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Painter obsessed with abandoned interiors
By Wang Jie

ARTIST Yuan Yuan has a fascination for water, pools, showers, dripping walls and vapor. The ambience of his canvases is often humid, claustrophobic and melancholic.

He paints interiors, empty spaces and interiors, but not figures or natural scenes. He looks for evidence of human activity in, for example, a cathedral or an abandoned house.

An exhibition of his latest works is underway at M50; they include works painted in Scotland in a recent artist-in-residence program.

Yuan, born in 1973 in east China's Zhejiang Province, lives and works in Hangzhou, the province's capital which is known for West Lake and many streams.

"I like water very much and Hangzhou has a very wet climate, especially during the raining season. Humid weather and gray skies somehow provide me with a certain level of comfort," Yuan says.

Yuan uses oil paint mixed with water to create his watery effects.

"Using rice paper can also produce these effects," he says. "Before I start to paint, I dilute the oils. Then I cover the canvas with layers of wet paint. It's a very classic painting technique."Some say that Yuan's painting evokes the early works of Zhang Enli, a leading contemporary Chinese painter in oils who is popular in the West. Both pay great attention to detail.

The compositions are large, but Yuan meticulously executes the details on every surface, such as intricate tile patterns on floors, latticework and carved ceilings.

"In my eyes, nature exhibits many paradoxical forms: beautiful but deadly, small yet aggressive, big but gentle. Using a big framework to depict small objects reflects that observation," he explains.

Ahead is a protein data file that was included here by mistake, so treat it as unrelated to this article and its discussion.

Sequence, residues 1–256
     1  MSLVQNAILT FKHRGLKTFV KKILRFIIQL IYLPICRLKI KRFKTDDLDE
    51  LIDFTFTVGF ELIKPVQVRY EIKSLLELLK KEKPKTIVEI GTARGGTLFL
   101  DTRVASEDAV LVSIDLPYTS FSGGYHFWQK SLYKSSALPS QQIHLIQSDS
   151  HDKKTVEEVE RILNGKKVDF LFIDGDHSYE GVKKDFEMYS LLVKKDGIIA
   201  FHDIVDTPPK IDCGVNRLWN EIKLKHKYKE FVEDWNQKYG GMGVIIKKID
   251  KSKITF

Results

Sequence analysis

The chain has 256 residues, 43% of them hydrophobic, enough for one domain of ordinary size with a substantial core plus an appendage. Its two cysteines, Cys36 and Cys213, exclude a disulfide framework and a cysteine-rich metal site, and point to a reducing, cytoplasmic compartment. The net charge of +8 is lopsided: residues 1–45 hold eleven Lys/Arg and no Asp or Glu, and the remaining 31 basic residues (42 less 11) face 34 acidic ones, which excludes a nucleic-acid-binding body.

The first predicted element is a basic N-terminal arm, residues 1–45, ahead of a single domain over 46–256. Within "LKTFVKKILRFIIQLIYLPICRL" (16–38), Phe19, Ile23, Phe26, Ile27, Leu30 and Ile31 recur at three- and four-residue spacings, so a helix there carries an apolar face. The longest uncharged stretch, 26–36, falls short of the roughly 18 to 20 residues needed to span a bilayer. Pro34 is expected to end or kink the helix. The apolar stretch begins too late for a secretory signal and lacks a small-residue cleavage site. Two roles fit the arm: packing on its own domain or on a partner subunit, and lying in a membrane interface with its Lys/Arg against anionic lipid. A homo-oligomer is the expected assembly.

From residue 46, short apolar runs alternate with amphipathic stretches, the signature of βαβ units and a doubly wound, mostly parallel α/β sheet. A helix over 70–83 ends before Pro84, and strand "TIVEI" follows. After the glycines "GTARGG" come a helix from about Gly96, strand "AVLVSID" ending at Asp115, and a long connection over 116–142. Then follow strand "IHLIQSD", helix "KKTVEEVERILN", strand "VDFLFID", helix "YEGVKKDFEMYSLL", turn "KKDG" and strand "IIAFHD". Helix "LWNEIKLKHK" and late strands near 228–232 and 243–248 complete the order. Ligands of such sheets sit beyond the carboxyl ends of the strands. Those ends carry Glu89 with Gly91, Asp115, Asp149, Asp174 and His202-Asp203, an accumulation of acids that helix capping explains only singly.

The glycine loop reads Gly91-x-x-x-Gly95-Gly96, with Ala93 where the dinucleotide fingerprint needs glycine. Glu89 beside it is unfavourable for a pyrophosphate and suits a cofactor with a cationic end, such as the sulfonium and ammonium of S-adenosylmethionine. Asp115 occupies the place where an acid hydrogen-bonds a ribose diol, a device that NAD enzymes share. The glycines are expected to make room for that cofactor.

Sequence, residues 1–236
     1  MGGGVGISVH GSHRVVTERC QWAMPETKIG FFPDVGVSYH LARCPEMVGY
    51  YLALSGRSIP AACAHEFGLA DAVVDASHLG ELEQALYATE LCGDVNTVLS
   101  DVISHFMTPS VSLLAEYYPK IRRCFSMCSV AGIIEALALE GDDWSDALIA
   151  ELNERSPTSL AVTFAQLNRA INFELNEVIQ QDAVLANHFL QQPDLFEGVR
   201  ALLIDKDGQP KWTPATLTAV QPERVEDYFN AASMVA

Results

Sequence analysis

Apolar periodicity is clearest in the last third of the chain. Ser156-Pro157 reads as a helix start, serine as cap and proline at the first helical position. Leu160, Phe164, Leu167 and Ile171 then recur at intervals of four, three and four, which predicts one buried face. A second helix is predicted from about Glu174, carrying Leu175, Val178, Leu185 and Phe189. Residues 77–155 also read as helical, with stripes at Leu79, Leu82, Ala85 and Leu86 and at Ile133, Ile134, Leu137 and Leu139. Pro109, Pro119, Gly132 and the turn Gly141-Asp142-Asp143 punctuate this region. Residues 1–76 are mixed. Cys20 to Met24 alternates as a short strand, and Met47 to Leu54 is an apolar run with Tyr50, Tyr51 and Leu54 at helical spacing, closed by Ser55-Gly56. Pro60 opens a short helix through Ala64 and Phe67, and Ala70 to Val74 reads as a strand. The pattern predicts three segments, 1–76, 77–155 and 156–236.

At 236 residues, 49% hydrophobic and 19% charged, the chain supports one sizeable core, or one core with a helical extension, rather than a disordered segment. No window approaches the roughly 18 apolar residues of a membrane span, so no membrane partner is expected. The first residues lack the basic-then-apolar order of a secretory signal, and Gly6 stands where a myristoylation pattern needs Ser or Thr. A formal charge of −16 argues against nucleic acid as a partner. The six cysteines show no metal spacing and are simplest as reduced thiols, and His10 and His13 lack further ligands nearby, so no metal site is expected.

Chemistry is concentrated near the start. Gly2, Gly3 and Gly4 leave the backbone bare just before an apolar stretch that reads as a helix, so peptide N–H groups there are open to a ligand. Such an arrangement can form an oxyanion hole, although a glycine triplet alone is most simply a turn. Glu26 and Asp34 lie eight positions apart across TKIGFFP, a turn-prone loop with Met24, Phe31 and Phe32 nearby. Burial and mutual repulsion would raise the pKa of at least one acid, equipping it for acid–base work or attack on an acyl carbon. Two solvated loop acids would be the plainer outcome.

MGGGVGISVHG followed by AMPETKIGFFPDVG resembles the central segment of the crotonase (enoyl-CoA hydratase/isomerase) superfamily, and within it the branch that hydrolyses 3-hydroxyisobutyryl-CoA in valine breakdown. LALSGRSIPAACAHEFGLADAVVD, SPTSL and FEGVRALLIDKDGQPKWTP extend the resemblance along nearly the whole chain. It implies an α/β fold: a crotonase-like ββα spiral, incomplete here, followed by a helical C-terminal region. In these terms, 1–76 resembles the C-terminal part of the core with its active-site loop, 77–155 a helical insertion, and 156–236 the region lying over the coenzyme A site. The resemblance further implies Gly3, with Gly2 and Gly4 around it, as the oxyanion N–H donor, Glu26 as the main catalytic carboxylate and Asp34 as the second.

"I also believe in the concept of strength in numbers. When these small items such as ceramic tiles are organized in a very tight formation in a huge number, they convey a sense of power."

Calling himself a very detail-oriented person, he says he sometimes is unable to begin work if an implement is not in its proper place in his studio.

"The expression of time is my favorite subject," he says. "I want to use traces of human activity to hint at the existence of man. My paintings seldom involve natural sceneries. What attracts me the most is the evidences of human activities in an abandoned place. For example, if I find a scrap paper in an uninhabited house, I might examine it very carefully, because it might contain a record of a human activity, perhaps a thought."

To Yuan, abandoned spaces have become public spaces that can be entered freely.

"I want to find traces of the past, not a place at it appears now, but what permeated or permeates it. No one can take this away and it is not visible."

Yuan took part in the three-month artist-in-residence program in Scotland, sponsored by the Glenfiddich, the single-malt whisky maker in Dufftown.

When he arrived in Dufftown, Yuan said, "When I'm in China, I find that my working time passes very quickly, and now I am excited to feel the opposite in Scotland. Dufftown is full of history and I look forward to capturing its unusual and unique interiors in my work.

As in his other works, Yuan addresses subjects of time, distance and history in his Scottish interiors.

Date: November 30-January 13, 10am-6pm

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